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Amazon fined by London court for transporting dangerous goods

Staff Writer |
Amazon UK has been fined £65,000 after it was found to have attempted to ship dangerous goods through the air.

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The case relates to the transportation of lithium-ion batteries and flammable aerosols in 2014 and 2015.

The judge at Southwark crown court said that the US-headquartered company had been repeatedly warned on its possible breaches of aviation standards. On top of the fine, the company was ordered to pay £60,000 in prosecution costs.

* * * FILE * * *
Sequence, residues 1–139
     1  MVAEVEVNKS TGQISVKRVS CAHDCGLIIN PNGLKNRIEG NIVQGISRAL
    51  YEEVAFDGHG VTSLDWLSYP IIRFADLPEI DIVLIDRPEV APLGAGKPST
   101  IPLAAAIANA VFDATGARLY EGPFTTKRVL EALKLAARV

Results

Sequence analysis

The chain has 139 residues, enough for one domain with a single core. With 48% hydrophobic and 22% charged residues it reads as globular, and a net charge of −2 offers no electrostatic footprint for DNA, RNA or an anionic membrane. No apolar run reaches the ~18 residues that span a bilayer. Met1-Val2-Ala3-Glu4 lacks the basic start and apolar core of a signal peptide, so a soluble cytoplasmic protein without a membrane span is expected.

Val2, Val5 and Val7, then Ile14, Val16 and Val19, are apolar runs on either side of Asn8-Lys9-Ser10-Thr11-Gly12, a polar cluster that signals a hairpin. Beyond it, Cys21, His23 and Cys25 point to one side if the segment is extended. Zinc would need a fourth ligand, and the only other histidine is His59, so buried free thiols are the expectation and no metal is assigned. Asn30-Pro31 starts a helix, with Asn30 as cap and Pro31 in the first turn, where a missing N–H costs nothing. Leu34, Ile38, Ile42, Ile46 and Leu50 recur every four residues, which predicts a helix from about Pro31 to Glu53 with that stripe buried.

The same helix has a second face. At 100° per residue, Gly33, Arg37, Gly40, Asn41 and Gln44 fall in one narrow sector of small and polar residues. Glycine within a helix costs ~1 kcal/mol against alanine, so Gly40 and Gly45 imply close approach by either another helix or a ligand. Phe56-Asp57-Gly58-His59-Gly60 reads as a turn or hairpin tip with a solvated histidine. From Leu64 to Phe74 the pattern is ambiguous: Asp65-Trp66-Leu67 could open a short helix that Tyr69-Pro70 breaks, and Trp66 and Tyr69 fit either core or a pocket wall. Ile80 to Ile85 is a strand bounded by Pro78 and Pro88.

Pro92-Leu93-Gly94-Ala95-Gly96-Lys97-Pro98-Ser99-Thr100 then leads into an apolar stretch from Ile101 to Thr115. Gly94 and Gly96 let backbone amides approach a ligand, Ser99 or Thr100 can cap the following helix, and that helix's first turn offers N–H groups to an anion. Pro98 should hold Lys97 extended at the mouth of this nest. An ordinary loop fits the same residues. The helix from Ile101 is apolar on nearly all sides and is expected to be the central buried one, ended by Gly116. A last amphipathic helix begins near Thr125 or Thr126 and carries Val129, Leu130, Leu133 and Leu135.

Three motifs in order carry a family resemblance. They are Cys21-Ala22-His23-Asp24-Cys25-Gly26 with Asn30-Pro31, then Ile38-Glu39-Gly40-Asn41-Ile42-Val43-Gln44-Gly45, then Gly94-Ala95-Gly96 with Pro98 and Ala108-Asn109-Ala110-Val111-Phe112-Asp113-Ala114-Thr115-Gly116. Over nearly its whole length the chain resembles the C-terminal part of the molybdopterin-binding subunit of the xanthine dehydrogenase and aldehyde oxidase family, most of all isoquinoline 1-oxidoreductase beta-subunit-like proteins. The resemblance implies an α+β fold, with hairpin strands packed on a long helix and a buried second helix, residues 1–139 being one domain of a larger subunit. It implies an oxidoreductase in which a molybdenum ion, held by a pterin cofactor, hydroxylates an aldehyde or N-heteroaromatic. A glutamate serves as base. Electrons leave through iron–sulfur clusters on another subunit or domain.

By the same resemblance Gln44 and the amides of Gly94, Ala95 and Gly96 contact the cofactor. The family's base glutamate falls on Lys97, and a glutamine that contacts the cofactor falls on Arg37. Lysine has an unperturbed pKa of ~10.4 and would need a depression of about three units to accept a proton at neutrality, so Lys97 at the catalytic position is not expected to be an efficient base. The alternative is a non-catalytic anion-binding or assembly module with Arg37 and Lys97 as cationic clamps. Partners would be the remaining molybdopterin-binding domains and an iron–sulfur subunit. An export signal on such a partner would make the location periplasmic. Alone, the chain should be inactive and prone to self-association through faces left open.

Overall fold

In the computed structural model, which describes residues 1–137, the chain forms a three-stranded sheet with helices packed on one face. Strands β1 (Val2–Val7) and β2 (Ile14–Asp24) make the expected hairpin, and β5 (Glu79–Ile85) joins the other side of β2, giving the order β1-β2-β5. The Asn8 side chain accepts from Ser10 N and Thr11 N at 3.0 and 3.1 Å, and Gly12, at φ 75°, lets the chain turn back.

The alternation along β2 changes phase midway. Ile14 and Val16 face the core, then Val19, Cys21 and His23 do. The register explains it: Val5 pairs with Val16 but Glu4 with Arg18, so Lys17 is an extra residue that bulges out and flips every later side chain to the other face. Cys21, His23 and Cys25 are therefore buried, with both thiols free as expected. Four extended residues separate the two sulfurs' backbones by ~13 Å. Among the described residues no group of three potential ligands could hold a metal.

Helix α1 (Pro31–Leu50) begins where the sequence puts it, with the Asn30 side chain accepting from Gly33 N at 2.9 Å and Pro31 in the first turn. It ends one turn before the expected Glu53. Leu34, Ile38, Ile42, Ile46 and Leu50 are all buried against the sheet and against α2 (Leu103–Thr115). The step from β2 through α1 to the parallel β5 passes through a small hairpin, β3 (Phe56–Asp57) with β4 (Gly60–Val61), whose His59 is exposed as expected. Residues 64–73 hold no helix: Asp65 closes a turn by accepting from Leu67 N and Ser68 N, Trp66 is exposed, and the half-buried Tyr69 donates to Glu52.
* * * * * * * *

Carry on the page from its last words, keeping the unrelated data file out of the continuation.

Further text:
Amazon was found guilty of "systemic failure", after it allowed the dangerous items onto four separate shipments during the time in question.

"Amazon knew from early 2013, if not before, that lithium batteries on their own were causing a problem. No special system was put in place for dealing with lithium batteries in particular and distinguishing between orders where they were with equipment and those where they were not," Judge Michael Grieve QC said.

The prosecution was brought by the Civil Aviation Authority, following an interception of the goods by Royal Mail and UPS.

A spokesman for the ecommerce giant said that "the safety of the public, our customers, employees and partners is an absolute priority."

The company has this year reported recorded sales and profits, mostly as a result of a push towards its Prime subscriptions.


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